Professional baseball writers and fans who would like to be writers both have one commonality that is hard to define or sometimes comprehend: 0ur fascination with numbers, and in particular, numbers that are designated as magical which comes from a lifetime of breathing in the shared experience we call Major League Baseball. Randy Johnson reached one of those magical numbers today.
Any baseball fan can rattle off those numbers. 300 wins. 500 homers. .300 lifetime batting average. 3000 hits. New ones are emerging. .400 On Base Percentage. 1.000 OPS. And yes, deep inside, we all know they are arbitrary. Well, the emerging ones aren't as much as the original ones. But you know. We all know.
It was Mother's Day a long, long time ago. Our family was celebrating and treating our mom to dinner out at our favorite restaurant. It was called the Emerson and they had the best open faced steak sandwiches. Mom always gave the little Fan half her plate. Well, that little Fan had to go to the bathroom and to get to the bathroom, you had to go through the bar. The bar had a television set (as they all do) and it was turned to the Yankee game. The little Fan stopped and watched for just a minute, forgetting for a moment that nature was calling. Mickey Mantle came up and that little Fan watched as the Mick hit his 500th homer.
But it's just a number. Just like 300 is just a number. Where did it get started that the number 300 would be the dividing line between immortality and almost? And don't say it doesn't mean anything. Try telling that to Bert Blyleven and Tommy John who both just missed that magical number. Try convincing them that despite their 118 and 110 ERA+ (respectively) they are not in the Hall of Fame when Phil Neikro (115), Don Sutton (108) and Gaylord Perry (117) are in because they reached 300 wins.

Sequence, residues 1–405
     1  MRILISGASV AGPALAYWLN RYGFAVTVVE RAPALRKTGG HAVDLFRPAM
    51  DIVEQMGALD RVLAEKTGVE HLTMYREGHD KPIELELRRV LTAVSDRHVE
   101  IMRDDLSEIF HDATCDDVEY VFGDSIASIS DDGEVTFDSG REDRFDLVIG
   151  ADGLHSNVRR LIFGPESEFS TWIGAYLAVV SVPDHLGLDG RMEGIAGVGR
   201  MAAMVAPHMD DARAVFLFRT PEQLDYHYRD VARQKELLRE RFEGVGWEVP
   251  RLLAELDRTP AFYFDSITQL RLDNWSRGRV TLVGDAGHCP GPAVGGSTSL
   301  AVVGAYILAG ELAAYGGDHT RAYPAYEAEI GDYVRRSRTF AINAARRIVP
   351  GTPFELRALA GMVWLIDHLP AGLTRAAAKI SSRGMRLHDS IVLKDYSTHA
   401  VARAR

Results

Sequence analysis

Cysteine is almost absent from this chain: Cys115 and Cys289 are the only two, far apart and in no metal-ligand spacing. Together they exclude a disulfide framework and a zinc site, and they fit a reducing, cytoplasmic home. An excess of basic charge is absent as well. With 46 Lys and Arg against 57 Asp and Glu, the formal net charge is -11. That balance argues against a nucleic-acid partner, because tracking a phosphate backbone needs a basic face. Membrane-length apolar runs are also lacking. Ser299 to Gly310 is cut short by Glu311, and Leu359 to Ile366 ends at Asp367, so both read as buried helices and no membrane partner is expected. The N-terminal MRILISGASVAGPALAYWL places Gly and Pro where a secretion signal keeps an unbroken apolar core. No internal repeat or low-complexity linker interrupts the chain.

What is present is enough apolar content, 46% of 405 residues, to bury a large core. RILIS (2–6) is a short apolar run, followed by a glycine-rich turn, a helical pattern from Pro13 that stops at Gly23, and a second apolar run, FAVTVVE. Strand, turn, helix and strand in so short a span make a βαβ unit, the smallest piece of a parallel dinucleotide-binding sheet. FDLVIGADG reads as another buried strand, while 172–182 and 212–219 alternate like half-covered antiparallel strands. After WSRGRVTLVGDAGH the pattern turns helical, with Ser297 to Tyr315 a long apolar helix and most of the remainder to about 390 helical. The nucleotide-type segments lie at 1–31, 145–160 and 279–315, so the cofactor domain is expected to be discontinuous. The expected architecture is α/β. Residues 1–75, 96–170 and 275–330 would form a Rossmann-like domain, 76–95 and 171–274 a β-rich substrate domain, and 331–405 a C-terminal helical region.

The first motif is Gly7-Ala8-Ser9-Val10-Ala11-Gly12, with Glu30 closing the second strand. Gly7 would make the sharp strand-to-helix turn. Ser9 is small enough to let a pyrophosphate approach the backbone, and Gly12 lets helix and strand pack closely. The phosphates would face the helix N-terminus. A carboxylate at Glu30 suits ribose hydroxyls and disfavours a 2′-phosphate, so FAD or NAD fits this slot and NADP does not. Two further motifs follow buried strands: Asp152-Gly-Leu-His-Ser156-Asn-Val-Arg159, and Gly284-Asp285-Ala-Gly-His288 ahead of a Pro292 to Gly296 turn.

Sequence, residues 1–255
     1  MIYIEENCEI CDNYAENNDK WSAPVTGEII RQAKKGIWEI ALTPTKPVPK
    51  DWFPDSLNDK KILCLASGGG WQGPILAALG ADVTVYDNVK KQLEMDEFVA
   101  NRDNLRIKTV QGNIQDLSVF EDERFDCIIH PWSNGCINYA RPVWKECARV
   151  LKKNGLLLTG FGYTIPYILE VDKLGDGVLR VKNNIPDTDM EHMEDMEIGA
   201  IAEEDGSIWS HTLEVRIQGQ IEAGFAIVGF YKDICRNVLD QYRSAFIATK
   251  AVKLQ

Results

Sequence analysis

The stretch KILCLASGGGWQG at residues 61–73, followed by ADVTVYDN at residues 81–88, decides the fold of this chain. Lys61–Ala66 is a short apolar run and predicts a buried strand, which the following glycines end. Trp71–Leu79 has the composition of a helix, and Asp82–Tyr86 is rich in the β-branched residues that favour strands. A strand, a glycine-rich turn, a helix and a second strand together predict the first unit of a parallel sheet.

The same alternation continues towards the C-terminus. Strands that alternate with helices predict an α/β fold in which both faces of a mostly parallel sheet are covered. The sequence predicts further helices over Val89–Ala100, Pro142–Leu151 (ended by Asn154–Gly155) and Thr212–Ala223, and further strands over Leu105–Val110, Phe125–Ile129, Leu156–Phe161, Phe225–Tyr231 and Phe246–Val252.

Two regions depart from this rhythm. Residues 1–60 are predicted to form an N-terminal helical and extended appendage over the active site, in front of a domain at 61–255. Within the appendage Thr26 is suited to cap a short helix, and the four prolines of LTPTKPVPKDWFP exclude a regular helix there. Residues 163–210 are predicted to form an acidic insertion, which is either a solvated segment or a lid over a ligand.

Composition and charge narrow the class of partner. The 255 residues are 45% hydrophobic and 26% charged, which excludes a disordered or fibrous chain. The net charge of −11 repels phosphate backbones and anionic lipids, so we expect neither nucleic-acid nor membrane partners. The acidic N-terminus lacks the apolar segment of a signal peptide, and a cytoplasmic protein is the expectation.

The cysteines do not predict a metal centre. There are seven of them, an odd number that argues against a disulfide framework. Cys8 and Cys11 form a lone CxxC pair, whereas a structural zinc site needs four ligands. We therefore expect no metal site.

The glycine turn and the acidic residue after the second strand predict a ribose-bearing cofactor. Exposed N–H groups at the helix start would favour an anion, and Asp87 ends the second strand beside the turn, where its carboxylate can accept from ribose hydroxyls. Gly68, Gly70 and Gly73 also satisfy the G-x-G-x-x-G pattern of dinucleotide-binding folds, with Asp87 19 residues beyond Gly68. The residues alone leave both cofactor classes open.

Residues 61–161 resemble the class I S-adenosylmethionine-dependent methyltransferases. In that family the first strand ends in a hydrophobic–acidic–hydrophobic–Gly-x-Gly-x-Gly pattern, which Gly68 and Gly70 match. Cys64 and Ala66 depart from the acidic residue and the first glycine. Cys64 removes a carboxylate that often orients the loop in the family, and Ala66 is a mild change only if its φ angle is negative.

And now Randy Johnson has done it and is a lock on the Hall (unless some PED thing comes along - Don't get the Fan started on THAT subject). But in Johnson's case, there is no doubt. He was already heading to Cooperstown. Johnson has it all. A 138 ERA+, 4500+ strikeouts in a little over 4000 innings pitched, a .646 winning percentage and 100 career complete games all scream Hall of Fame to anyone who would listen. He didn't need to reach 300, but he did. And for some arbitrary, arcane reason, that's very cool.
There aren't a whole lot of people cheering though, not nearly as many as when the Mick hit his 500th or Tom Seaver won his 300th. The perspective is that Johnson is an aloof jerk. He has the reputation for getting mad at his fielders when they don't make plays. He certainly got a bad reaction for his time in New York and a comment or two from Joe Torre in his book. But big deal. Mantle was an alcoholic. Wade Boggs cheated on his wife and got caught. Ty Cobb was the meanest SOB on the planet. They all got their due and it certainly doesn't seem fitting that Johnson doesn't get his.
All this Fan knows is that there was no way that the Diamondbacks won that 2001 World Series without him. He was amazing and dominant and heart rending for any Yankee fan. He made 595 starts in his 20 full seasons in the majors, or 29.5 starts per season. He was ugly in appearance and in demeanor. But his pitching was thrilling for a very long time.
Yeah, it's an odd thing, our worship for this magical number. But it's our odd thing. And a very special pitcher of our era has reached that number. Good for him! And good for us.